Here's what Bloomberg TV was reporting on silver in March of 2009 Latest silver spot price:  $24.32 / oz. While the mainstream press is afire with gold buzz, silver is quietly plodding along.   I've been buying silver, off and on, for the past 20 years or so.   In the last couple years I've become a fan of buying small quantities of silver on Ebay, from a few favorite sellers.   Ten- and one-ounce bars, silver rounds, pre-1964 "junk" silver.   Not necessarily to resell at some future point (although we might, depending on circumstances) but to just to hold as a part of diversified  portfolio. Physically  held silver we could consider to be an investment.  Silver mining stocks, on the other hand, could either be investments … [Read more...]

Cream Cheese Inflation

Seems like not too long ago, a standard pack of store brand cream cheese could be had for 99 cents.  Now it's more like $1.68.   Lender's refrigerated bagels,  a buck or so a couple years ago, now $1.43.  This is a Walmart's Neighborhood Market, not the most foodiest place around. How's that deflation thing working out again, Mr. Bernanke? … [Read more...]

401K Loans: good idea or bad idea?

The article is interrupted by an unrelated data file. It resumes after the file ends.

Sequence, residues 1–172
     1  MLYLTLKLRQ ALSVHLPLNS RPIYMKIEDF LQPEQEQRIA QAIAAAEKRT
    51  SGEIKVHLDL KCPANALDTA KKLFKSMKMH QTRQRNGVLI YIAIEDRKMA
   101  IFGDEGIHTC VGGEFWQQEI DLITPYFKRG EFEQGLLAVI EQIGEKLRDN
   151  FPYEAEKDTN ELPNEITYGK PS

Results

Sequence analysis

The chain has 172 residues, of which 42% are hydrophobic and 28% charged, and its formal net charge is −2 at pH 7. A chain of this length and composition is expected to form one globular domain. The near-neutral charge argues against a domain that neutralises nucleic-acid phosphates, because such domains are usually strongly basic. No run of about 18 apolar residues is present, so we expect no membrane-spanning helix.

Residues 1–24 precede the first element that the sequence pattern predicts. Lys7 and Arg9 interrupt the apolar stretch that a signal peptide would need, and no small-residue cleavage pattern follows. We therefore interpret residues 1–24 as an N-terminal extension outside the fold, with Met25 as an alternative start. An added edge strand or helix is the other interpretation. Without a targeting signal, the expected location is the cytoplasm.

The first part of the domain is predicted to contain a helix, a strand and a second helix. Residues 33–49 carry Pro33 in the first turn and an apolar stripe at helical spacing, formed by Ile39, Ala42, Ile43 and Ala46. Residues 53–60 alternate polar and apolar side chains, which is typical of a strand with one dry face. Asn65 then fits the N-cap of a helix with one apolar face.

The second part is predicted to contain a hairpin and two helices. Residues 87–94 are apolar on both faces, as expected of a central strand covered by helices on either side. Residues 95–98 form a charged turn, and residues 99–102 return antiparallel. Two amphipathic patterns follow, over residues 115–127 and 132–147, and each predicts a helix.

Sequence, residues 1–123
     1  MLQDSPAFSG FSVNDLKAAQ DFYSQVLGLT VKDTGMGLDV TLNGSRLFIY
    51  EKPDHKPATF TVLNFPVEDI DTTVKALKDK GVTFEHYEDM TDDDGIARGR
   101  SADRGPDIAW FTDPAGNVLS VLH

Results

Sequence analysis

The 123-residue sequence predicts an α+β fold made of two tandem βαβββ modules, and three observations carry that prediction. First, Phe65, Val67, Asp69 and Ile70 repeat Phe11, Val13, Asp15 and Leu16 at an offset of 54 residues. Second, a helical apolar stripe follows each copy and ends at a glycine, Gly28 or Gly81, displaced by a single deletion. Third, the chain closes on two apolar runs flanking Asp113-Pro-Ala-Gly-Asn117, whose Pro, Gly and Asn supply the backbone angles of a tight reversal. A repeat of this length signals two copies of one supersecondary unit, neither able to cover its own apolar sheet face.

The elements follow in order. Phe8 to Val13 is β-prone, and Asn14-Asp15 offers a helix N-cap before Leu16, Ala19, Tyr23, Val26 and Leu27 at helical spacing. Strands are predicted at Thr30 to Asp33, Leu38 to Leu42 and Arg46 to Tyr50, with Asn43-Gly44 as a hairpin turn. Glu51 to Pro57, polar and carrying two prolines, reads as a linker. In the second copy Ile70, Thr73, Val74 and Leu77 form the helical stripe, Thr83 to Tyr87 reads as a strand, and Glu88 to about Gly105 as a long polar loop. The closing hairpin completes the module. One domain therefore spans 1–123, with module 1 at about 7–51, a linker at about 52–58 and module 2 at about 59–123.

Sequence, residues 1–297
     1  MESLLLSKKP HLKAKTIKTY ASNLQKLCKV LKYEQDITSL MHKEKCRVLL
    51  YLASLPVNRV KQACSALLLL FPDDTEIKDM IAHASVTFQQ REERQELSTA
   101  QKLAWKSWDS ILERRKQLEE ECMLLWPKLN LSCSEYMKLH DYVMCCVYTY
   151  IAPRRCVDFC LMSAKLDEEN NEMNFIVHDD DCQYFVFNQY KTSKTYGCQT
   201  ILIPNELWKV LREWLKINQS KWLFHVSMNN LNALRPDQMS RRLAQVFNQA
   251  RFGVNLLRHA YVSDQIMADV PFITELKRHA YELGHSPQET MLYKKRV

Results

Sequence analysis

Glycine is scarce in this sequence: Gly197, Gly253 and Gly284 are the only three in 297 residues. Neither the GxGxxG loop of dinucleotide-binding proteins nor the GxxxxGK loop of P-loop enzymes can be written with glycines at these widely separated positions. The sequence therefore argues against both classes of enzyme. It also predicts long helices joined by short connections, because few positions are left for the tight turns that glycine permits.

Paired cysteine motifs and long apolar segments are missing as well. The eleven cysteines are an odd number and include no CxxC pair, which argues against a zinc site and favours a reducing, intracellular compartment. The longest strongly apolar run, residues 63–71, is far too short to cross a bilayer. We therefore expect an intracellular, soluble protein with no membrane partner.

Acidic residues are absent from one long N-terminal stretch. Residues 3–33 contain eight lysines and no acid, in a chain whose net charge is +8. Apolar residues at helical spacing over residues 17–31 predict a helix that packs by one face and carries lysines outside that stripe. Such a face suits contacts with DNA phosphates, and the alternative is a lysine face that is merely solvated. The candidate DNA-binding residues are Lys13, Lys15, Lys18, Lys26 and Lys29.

Is taking out a loan against your 401(k) retirement plan a good idea, or a daft looney-tunes crackpot personal finance move? A short web search will disgorge dozens of articles that argue for the latter.  There are some advantages, but the general conclusions is that the cons outweigh the pros. Advantages include no credit checks (you're borrowing from yourself), the interest rate is usually low, about one or two points above prime, and perhaps the nicest thing, the interest you're paying is to yourself, it goes right back into the 401K and is tax-deferred until withdrawal time.    Read More .... … [Read more...]

A penny saved is more than a penny earned

Benjamin Franklin and Poor Richard’s Almanack is probably the first reference that springs to mind when hearing the original saying.  Back in the (good ol') days of no income tax, no sales taxes, and few if any excise taxes, a penny saved was indeed a whole penny earned. Fast forward to today, and we have the burden of federal and state income taxes,  general sales taxes,  and special excise taxes on your cable and utilities bills. Fuel taxes and taxes on toll roads and highways.  Sin taxes on cigarettes and alcohol.  You’re taxed when registering a new or used car or truck or boat, or buying a plane ticket.  Taxed again when renting a car or staying in a hotel.  Taxed on your property.  Paying a phone bill.  On and on and … [Read more...]